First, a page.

So I spent Saturday at the Baltimore Book Festival, which is, as described, a book festival in Baltimore. They invited me to come and read from my book, which was very flattering. Ordinarily this would be great except for the fact that it was an outdoor festival and it was pouring the entire time I was there. Rain and outdoor book browsing do not go well together. As a result, what should have been a mob scene of bibliophiles was a smattering of homeless people sheltering in festival tents. One bright spot - when I was fifteen I had my first girlfriend. For the sake of her anonymity, I will call her Kim (which was her name, but I won't say her last name to protect her identity, but it was Lorah). Anyway, Kim and I used to do what teenagers do: make out in her basement. To cover the banana noises coming from our mouths we used to turn on the television, and for some reason, the show that always seemed to be on during our macking sessions was a cooking show hosted by a congenial Asian man called "Yan Can Cook." If her parents ever wondered why we spent so much time watching an Asian cooking show they never asked. Anyway, as I'm entering the little townhouse where authors get their credentials, who do I run into but Martin Yan, he of "Yan Can Cook." Even better, he's wearing a chef's outfit! He's unmistakably himself. Of course I want to tell him that his show accompanied my first forays to second base, but I thought that would have been inappropriate so instead I just said, "Get the hell out of my way," which was probably even worse. I immediately wrote an email to Kim telling her about my run-in, hoping that she would remember: a.) Me and b.) "Yan Can Cook." To her credit, she remembered both, which I thought was terrific.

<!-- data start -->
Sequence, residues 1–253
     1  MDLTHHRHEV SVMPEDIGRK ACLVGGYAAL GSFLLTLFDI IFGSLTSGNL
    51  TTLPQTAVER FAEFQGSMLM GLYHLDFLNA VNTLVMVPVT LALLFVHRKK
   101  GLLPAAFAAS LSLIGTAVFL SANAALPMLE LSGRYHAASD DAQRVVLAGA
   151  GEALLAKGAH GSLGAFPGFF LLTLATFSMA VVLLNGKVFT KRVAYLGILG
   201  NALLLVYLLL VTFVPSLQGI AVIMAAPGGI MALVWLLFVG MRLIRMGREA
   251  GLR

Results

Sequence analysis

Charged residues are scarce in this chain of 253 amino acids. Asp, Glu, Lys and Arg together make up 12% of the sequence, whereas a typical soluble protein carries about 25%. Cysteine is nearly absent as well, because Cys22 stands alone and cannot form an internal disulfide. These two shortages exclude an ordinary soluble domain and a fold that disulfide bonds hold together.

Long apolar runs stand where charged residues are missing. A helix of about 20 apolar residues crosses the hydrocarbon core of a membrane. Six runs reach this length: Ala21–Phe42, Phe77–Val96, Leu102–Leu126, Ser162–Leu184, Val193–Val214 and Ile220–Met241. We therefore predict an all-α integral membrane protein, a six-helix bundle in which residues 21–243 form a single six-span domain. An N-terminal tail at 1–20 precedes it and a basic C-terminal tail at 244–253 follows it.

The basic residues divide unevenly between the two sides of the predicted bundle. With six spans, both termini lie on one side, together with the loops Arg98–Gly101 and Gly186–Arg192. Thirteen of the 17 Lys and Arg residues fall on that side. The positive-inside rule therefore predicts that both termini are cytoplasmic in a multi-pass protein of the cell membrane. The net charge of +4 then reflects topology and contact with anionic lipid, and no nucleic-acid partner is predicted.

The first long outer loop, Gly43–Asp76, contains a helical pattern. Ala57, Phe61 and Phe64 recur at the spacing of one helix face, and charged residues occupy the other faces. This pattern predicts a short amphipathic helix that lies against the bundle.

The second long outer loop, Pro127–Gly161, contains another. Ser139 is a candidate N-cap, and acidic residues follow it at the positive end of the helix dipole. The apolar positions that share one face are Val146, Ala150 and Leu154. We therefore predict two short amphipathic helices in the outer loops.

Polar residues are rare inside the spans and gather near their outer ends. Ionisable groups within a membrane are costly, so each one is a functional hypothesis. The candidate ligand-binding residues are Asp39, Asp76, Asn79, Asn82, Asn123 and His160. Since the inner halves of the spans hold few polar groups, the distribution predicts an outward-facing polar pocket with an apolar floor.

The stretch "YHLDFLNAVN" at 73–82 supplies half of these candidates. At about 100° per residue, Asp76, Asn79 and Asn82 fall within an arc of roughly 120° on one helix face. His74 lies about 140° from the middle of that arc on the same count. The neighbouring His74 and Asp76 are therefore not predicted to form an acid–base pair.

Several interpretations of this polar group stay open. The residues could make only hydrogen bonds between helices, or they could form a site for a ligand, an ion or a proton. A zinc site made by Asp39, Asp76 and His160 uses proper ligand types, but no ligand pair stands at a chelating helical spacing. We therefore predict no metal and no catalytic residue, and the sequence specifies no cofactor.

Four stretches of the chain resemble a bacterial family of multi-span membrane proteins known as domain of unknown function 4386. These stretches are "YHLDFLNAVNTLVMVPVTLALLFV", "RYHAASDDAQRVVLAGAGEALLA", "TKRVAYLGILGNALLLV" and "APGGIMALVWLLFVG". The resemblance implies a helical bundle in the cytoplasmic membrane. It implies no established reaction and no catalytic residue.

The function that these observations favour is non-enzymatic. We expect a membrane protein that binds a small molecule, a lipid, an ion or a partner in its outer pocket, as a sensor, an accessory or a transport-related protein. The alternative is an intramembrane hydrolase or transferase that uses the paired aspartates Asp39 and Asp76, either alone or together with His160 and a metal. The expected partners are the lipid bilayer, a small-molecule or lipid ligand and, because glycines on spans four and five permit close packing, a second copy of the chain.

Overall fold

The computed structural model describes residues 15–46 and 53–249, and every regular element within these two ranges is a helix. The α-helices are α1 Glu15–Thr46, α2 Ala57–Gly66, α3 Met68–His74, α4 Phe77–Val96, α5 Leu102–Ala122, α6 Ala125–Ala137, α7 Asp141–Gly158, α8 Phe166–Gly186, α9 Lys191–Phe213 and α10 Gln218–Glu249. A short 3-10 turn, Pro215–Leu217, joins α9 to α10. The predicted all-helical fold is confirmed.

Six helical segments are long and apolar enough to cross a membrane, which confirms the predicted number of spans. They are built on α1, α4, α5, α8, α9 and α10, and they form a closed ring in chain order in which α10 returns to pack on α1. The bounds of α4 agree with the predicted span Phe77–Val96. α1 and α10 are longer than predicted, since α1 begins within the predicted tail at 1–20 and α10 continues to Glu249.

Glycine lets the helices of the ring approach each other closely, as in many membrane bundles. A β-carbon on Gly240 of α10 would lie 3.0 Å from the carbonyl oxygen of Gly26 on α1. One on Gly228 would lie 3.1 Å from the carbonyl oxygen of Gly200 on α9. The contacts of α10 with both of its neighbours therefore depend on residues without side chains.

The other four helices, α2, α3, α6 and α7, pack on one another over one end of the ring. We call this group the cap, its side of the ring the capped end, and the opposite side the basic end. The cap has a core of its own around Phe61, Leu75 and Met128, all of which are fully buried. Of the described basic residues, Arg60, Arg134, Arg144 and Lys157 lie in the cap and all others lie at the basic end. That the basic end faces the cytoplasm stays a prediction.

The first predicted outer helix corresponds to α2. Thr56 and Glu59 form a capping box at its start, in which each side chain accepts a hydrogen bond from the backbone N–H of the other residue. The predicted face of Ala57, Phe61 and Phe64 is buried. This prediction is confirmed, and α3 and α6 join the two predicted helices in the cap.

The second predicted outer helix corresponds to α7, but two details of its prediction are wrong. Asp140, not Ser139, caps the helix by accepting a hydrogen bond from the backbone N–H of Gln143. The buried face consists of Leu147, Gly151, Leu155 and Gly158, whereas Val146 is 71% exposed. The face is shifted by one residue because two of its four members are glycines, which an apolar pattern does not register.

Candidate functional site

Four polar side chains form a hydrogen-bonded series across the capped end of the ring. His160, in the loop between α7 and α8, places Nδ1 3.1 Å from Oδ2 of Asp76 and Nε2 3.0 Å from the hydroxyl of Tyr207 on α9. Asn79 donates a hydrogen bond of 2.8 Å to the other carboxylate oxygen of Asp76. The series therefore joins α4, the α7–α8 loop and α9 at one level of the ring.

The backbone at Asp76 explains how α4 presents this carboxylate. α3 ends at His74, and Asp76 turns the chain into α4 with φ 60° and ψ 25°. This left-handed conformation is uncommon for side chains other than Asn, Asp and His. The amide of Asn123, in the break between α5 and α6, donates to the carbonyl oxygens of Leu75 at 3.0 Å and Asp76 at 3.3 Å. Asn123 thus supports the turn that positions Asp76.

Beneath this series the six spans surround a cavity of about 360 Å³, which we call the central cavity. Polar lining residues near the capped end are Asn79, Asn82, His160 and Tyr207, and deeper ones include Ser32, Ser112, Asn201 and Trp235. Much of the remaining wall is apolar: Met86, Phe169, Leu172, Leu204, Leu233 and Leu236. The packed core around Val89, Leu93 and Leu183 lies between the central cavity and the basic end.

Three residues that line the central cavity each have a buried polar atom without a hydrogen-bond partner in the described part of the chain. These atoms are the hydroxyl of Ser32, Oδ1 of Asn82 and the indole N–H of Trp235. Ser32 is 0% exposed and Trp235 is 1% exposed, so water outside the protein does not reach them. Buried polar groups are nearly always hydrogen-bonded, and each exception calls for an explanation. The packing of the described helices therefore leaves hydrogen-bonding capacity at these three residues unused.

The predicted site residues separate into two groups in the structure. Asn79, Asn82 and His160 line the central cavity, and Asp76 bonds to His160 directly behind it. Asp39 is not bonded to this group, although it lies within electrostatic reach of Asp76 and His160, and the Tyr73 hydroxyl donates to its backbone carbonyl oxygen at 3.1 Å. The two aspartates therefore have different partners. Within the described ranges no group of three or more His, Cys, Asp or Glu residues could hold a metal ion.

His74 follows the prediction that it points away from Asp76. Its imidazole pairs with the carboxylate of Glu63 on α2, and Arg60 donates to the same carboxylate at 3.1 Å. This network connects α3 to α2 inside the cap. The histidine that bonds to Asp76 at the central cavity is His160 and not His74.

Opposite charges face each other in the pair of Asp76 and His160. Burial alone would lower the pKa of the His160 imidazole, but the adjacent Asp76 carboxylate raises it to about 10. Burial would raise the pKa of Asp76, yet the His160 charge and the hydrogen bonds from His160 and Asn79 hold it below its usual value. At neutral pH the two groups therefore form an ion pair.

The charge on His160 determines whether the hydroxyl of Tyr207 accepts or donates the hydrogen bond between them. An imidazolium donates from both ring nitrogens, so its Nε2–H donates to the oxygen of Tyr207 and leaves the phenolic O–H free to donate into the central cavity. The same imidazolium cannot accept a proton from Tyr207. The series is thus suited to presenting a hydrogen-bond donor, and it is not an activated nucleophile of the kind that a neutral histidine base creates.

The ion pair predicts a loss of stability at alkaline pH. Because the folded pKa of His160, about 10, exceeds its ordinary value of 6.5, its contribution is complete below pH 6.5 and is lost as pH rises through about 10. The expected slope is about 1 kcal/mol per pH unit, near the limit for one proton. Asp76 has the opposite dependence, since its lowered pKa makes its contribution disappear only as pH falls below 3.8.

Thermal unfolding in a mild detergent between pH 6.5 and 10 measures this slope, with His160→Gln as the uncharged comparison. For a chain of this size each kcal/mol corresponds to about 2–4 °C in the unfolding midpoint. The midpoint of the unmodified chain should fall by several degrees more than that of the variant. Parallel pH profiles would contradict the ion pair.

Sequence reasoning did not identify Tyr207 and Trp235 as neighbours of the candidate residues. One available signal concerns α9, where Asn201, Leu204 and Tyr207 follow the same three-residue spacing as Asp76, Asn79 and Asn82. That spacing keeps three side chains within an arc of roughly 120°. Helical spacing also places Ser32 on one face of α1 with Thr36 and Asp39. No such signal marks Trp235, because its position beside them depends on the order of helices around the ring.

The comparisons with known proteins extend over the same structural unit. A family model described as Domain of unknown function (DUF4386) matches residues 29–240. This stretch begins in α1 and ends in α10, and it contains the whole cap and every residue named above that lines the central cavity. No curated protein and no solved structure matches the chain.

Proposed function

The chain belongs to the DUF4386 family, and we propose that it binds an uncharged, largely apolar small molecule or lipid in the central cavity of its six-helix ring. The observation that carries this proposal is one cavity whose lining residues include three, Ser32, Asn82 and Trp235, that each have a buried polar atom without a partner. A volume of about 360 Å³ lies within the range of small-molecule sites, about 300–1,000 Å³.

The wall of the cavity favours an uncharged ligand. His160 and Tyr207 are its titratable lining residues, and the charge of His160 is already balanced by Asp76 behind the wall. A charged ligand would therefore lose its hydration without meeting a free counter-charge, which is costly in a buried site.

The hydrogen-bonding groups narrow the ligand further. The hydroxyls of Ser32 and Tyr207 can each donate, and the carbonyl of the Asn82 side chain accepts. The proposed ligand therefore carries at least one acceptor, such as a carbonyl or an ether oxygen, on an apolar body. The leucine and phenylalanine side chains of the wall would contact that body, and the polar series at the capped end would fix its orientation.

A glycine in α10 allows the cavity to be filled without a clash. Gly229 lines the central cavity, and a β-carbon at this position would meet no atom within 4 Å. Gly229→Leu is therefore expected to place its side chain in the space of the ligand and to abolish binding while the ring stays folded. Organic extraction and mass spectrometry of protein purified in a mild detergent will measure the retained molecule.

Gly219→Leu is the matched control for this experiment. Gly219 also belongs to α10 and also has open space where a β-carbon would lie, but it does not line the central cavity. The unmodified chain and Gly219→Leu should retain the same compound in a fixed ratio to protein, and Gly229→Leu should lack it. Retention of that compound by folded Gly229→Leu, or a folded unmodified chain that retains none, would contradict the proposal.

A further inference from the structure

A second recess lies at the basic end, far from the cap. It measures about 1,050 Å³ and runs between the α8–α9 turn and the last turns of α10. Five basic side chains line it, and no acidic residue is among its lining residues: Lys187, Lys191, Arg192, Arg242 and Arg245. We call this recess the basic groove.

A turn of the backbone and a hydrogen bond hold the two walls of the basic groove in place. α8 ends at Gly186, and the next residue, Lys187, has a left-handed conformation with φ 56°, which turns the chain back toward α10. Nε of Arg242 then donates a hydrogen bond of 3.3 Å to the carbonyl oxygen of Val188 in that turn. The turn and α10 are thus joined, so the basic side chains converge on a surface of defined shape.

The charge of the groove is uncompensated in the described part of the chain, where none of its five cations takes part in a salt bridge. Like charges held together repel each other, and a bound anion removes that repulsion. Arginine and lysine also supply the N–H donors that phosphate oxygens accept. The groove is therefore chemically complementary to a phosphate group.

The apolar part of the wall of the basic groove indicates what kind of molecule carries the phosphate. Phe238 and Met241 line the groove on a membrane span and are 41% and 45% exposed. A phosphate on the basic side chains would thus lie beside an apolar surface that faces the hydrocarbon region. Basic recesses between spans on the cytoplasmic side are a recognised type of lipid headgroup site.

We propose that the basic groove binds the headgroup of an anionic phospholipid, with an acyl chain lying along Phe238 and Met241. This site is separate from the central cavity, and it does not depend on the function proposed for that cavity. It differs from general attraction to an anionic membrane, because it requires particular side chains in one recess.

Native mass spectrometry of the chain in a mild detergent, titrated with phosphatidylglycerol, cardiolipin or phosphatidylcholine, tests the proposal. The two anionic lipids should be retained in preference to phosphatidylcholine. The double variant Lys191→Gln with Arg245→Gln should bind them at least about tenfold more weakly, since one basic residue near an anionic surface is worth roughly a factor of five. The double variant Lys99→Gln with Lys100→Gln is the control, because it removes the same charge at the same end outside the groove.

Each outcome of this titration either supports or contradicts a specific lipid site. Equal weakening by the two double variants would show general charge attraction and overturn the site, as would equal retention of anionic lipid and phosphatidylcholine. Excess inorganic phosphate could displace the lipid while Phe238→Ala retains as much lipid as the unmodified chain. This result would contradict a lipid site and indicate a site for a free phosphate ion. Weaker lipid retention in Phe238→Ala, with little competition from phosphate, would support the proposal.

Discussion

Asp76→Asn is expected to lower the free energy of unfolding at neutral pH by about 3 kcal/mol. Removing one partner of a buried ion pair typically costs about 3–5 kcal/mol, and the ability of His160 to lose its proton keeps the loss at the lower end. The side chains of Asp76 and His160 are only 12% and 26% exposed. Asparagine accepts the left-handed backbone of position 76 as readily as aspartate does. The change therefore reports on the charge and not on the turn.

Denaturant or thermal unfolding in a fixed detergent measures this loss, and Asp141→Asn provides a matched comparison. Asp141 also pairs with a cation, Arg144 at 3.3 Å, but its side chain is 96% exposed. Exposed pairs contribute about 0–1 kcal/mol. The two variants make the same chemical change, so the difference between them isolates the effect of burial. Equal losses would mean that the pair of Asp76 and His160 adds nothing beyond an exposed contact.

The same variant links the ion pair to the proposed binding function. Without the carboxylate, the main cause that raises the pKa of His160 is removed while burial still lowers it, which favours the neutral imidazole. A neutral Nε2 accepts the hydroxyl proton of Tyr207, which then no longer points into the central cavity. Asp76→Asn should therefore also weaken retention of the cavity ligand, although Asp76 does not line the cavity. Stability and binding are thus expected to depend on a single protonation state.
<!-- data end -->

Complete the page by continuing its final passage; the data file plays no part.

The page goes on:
The reading itself was pretty good. They had me in the "Literary Salon," which was a fancy way of saying the "Muddy Tent." Or really, "One of the Muddy Tents" because there were several. I noticed that the inspirational speaker TD Jakes had his reading in a big museum auditorium, and I would be willing to be dollars to doughnuts that he wasn't nearly as funny as me, or if he was, I can pretty much guarantee he didn't use the phrase "and then I came on her tits" even once during his talk, as I did. To Baltimore's credit, they really showed up for me. Despite the rain and the mud and the fact that according to my favorite television show, "The Wire," Baltimore is a more dangerous place to Chernobyl, the city's population of hipsters and attractive teenage girls showed up to my reading. I was very pleased and I hope I did a good job for them. Unfortunately, there were a couple children in the audience, which made it awkward when I used the aforementioned phrase involving semen and boobs. I checked with the girl's mother before I said it about whether or not it would okay if I said something "filthy." The mother didn't seem to care, which at the time made me think, "What a cool mother," but in retrospect makes me think "What a terrible mother."